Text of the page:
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README.md

Ember CLI Tailwind

npm version Build Status


Update: This library is deprecated

Aug 29, 2019

Hey everyone! I wanted to write an update for folks using and coming across this library. I've decided to deprecate it.

I built ember-cli-tailwind because I wanted a one-liner to get Tailwind wired up with rebuilds in an Ember app. To do this, I had the addon configure PostCSS behind the scenes, basically so PostCSS was an implementation detail from the perspective of the user.

This has caused problems over the life of this library, as many people reasonably want to be able to configure PostCSS themselves, for example to add Autoprefixer or PurgeCSS.

As of today I can't think of a great way to write this addon so that it sets everything up in a way that it's a significant value-add compared with teaching folks how to use ember-cli-postcss to set up Tailwind themselves.

This addon also scaffolded out the Tailwind config into separate files, which was really a personal preference and a design decision I felt aligned with the Ember community. In v1.0 Tailwind took more responsibility for the config, and now the intended way to use Tailwind is to use an empty config, and only override values as needed. This means relying more on the official Tailwind docs and less on your complete customized set of values. This has several benefits, the main one being that Tailwind has taken more ownership of carefully setting values that work for many situations. In any case, if the larger Tailwind community is using Tailwind in this way, I think it's important for Ember users to be doing the same thing.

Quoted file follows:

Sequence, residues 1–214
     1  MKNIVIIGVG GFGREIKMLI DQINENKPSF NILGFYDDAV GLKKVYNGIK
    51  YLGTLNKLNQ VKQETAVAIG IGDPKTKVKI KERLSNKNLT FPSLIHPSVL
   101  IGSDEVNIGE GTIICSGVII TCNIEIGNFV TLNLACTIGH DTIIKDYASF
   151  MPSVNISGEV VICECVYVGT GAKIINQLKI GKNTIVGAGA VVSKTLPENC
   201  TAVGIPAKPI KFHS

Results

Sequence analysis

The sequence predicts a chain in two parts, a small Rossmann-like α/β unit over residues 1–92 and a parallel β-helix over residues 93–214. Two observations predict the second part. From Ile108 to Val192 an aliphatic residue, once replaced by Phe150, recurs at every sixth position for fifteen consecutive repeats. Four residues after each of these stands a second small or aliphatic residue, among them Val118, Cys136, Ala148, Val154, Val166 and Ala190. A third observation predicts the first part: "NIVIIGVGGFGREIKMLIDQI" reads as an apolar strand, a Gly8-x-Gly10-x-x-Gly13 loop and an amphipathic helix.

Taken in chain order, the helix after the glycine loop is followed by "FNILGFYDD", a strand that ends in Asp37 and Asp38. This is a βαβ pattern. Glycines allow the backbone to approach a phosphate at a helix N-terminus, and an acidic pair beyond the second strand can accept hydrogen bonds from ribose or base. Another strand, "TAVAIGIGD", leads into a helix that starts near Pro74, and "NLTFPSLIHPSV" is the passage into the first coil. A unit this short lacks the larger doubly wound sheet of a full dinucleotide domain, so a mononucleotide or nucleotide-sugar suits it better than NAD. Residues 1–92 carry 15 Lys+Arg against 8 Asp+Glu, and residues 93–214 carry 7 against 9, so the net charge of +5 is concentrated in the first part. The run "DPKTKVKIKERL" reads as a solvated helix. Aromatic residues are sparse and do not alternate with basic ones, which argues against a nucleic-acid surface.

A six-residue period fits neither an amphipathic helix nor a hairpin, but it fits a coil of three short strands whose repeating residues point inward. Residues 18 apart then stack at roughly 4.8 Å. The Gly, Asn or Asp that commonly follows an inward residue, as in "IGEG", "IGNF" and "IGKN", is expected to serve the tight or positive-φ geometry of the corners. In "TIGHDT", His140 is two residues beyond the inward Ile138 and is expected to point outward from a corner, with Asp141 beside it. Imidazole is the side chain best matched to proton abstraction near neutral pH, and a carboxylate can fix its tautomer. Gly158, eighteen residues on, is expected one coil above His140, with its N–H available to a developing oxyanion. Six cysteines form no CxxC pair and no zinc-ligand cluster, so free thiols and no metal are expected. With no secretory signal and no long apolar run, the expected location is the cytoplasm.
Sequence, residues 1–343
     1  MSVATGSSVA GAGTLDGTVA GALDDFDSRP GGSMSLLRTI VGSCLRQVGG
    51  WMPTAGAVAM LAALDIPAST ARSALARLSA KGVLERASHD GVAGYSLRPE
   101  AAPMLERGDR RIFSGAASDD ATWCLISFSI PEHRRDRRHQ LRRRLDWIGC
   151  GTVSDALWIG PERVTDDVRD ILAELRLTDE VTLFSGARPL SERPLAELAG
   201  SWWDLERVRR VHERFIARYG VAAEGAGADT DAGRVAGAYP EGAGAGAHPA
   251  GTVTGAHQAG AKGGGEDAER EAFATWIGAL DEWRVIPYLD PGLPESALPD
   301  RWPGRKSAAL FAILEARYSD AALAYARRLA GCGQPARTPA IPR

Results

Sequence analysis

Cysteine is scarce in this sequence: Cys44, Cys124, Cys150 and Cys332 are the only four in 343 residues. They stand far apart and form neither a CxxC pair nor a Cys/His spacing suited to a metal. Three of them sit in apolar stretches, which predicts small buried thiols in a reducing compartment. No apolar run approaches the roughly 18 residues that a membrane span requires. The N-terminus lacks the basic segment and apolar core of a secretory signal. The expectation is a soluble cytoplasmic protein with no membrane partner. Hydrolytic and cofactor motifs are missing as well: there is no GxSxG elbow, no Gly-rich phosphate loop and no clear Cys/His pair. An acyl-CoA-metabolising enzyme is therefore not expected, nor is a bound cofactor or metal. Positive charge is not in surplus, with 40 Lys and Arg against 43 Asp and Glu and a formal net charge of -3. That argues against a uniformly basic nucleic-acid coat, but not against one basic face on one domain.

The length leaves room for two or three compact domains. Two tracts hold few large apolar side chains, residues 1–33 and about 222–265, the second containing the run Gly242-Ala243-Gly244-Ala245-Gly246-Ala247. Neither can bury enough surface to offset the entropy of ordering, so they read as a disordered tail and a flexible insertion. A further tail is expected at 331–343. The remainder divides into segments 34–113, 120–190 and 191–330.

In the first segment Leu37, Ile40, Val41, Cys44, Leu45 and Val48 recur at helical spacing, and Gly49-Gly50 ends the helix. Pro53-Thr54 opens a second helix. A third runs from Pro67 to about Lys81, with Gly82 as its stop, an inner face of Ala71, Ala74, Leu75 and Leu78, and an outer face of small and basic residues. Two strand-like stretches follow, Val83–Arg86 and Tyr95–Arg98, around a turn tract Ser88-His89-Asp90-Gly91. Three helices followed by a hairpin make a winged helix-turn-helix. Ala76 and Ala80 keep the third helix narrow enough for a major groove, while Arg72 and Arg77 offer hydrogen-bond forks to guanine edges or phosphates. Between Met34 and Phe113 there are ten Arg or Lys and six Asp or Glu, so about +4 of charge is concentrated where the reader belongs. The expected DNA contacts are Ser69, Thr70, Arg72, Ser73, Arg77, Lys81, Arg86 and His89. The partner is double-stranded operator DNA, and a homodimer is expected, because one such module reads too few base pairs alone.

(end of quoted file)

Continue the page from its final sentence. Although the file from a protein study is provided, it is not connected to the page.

In general, I think it's good for Ember users to move away from needing custom ember-* packages, and instead getting closer to the underlying libraries and referencing their official documentation as fast as possible. Tools like Ember Auto Import allow us to easily do this. That makes libraires like this one less and less of a good idea. The reality is it's not the best use of time and resources to maintain addons like this that are always chasing their underlying libraries. Light wrappers that wire up file system watchers can make sense, but in this case, using ember-cli-postcss and wiring things up should be straightforward enough for most users.